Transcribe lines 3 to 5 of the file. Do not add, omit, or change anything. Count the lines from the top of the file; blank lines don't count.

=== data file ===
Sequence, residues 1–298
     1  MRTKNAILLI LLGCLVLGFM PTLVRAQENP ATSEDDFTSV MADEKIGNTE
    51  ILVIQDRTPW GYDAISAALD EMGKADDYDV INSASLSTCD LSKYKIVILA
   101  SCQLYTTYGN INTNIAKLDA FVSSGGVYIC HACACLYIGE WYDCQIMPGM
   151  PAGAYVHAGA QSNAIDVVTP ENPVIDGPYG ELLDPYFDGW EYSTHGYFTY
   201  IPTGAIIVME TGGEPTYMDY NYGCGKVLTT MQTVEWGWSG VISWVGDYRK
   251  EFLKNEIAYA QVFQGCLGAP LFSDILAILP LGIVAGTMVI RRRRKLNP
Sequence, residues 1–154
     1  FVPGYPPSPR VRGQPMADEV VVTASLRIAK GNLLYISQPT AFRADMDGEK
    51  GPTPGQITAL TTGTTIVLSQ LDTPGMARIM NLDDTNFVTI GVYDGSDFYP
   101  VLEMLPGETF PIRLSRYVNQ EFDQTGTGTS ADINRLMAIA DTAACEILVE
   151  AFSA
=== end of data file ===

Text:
    51  ILVIQDRTPW GYDAISAALD EMGKADDYDV INSASLSTCD LSKYKIVILA
   101  SCQLYTTYGN INTNIAKLDA FVSSGGVYIC HACACLYIGE WYDCQIMPGM
   151  PAGAYVHAGA QSNAIDVVTP ENPVIDGPYG ELLDPYFDGW EYSTHGYFTY